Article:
Whatever. Once again we are shooting with a shotgun instead of a rifle. Once again, too much dead wood.
Let's see if we can do a little better.
Possibility #3: We could mail our piece to a group of people of whom we are relatively sure that all of them have above average incomes. Like doctors. Lawyers. Architects. Top executives. CPA's. Owners of expensive homes. Owners of Rolls Royce automobiles. Subscribers to The Gary Halbert Letter.
And so on.
Comments: Not bad. We are now getting into areas where we at least have an outside chance. Whether they are interested in the stock market or not, we can't know, but, in any case, if they are interested, they probably have the financial ability to do something about it. There's no doubt about it. This group of people is certainly more likely to respond to our pitch than the first two groups but, as you should soon see, we can do a hell of a lot better.
Possibility #4: We could mail our promotion to a list of upper income people who are proven mail order buyers. Buyers of what, you ask? Actually, for the purposes of selling by mail, it is generally true that mail order buyers of anything are better than almost any group of non-mail order buyers. And, in this case, we have added the extra qualification that they must be wealthy mail order buyers.
Comments: Now we are getting down to business. This is the first group I have described that gives us a reasonable shot at success. Not bad. Not bad at all. But now, let's stop messing around. Let's go for the kill.
Possibility #5: We could mail our promotion to a group of wealthy people who are not only mail order buyers but also, people who have ordered some other investment book by mail.
Comments: Bingo! Now we're cooking. These are upper income people who have purchased by mail a product similar to ours. What could be better? This is just about as "hot" of a list as we can get! Or is it? Actually, it is not. Let's keep trying.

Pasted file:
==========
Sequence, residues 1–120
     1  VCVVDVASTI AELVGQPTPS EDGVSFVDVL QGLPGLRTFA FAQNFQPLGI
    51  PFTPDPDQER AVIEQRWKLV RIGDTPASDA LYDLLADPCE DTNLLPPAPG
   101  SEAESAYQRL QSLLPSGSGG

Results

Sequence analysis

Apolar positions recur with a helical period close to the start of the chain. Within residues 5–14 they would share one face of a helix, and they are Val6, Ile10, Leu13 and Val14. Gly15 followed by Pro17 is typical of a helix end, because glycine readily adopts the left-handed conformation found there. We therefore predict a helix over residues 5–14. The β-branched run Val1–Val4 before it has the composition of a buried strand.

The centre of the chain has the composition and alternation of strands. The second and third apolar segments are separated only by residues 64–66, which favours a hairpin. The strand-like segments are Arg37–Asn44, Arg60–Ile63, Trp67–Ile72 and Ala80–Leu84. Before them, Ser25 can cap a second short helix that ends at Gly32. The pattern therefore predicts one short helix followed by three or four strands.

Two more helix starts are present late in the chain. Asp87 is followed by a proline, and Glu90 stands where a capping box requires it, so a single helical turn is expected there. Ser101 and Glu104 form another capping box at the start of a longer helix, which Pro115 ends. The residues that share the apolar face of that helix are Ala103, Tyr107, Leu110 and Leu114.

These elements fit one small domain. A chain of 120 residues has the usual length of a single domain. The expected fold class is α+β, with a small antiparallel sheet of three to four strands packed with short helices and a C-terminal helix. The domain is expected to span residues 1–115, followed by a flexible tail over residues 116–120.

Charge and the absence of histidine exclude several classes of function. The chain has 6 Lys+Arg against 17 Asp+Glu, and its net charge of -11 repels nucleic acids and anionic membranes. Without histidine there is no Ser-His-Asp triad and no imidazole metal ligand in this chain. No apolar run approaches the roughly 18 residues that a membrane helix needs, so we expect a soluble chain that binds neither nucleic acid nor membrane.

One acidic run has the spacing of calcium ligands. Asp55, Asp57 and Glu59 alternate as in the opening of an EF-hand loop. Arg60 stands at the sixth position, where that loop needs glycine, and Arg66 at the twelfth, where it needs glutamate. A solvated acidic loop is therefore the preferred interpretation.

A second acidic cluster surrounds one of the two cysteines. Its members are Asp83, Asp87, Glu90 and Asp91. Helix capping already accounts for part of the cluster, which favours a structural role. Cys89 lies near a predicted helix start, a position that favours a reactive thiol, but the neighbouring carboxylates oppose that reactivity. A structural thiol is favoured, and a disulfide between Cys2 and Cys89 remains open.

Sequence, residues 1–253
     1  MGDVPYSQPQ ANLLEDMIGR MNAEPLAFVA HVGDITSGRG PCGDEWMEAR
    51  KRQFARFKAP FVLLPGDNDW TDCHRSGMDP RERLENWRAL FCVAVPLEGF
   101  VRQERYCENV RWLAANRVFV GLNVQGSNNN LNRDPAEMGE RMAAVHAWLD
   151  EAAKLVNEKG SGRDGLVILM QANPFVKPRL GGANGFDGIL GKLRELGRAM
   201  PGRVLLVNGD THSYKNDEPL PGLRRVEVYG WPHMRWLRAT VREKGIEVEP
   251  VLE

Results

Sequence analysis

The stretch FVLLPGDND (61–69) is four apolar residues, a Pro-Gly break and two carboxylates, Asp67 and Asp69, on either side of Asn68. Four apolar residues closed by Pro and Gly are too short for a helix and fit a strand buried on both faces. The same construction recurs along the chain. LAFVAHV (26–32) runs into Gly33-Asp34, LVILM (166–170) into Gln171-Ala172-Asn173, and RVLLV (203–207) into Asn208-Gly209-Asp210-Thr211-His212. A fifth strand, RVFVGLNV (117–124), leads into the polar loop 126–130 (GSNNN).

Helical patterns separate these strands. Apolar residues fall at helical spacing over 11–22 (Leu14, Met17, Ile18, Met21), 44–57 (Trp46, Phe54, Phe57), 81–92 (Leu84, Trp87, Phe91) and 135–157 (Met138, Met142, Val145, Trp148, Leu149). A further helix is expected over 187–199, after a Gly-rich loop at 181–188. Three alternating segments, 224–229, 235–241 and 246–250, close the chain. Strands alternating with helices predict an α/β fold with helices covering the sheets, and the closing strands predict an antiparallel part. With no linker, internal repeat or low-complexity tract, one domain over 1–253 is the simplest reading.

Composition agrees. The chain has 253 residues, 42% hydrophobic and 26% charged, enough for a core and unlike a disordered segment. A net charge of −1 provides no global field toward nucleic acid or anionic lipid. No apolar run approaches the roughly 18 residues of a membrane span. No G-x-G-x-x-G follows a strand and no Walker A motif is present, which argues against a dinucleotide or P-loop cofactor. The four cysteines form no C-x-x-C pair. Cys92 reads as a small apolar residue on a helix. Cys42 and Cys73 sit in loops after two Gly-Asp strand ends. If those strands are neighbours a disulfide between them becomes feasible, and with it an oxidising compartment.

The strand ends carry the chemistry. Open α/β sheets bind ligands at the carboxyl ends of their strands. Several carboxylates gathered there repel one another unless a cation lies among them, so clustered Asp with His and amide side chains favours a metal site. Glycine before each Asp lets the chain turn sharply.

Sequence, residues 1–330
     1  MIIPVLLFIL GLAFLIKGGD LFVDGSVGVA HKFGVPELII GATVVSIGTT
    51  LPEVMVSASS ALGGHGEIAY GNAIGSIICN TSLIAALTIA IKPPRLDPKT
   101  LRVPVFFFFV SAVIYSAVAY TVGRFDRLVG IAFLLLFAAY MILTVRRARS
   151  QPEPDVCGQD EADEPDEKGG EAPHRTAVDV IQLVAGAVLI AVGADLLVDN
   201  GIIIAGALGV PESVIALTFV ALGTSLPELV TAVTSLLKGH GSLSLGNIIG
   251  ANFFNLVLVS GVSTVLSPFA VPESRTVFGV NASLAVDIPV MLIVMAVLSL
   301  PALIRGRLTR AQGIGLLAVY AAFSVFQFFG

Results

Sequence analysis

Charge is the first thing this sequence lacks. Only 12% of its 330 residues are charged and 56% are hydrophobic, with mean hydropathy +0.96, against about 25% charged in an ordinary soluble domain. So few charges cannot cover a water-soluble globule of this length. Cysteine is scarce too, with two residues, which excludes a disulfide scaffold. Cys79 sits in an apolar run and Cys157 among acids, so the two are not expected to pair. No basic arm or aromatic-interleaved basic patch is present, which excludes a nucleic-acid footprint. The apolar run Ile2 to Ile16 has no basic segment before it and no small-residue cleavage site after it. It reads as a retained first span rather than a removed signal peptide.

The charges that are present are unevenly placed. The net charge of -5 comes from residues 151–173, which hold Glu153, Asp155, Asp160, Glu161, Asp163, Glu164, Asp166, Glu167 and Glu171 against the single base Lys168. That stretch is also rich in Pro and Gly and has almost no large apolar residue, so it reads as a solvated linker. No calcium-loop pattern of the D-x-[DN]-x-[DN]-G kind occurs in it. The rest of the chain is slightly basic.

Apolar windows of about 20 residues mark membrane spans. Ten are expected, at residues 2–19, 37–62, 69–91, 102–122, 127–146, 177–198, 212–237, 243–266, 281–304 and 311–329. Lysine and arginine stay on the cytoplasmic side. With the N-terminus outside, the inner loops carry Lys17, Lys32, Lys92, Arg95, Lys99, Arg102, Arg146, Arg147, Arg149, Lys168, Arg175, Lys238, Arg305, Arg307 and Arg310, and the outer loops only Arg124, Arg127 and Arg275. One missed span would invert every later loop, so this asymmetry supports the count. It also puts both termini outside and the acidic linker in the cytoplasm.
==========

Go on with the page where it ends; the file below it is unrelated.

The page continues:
Possibility #6: We could mail our promotion to a list of wealthy people who have purchased (by mail) a product similar to ours... several times!
Comments: Yeah! These people are "naturals." They're MO buyers. They've purchased (by mail) a product similar to ours. And, they are repeat buyers of this type of product. How sweet it is! Can it get any sweeter? Yes, dear reader, it can! Read on.
Possibility #7: We would mail our promotion to a list of wealthy people who have purchased (by mail) a product similar to ours several times AND WHO HAVE PAID BIG MONEY FOR WHAT THEY BOUGHT!
Comments: Goody. These people are very close to the "creme de la creme" of lists we can mail to. But wait! Why do I say they are only "very close" to the best? Good Lord, what more could we ask for? Hold on! We're not done yet.
Possibility #8: We could mail our promotion to a list of wealthy people who have purchased (by mail) a product similar to ours and, who have done so repeatedly and, who have paid big money for what they purchased and, who have VERY RECENTLY made such a purchase!
Comments: This is almost as good a list as we can get. It is certainly the best list we are likely to be able to rent.
But not quite. Just keep reading.
Possibility #9: We could mail our promotion to a list of people who have all the characteristics of possibility #8 AND WHO OUR FRIENDLY LIST BROKER TELLS US IS WORKING LIKE CRAZY FOR OTHER MAILERS WITH PROMOTIONS SIMILAR TO OURS.
Comments: For a variety of reasons, many lists that should work, don't. Who knows why? Actually when it comes to the bottom-line, it really doesn't matter "why". What does matter is simply that a given list is or is not responsive. And the best way to know what lists are "hot" is to have a good relationship with a good honest list broker. In fact, if you have a good relationship with a good broker, one of the things he will do for you (because it is to his financial advantage) is to keep an eye out for hot lists that are likely to work for your offers. And now with this last list, we have finally and truly identified the best list you can mail to.
Yep. We can still do better!
Possibility #10: There is, however, one group of people that will respond far better than any of the other nine I have described. What is it? I'm sure you already know.
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Copyright © 2003 Gary C. Halbert. All Rights Reserved.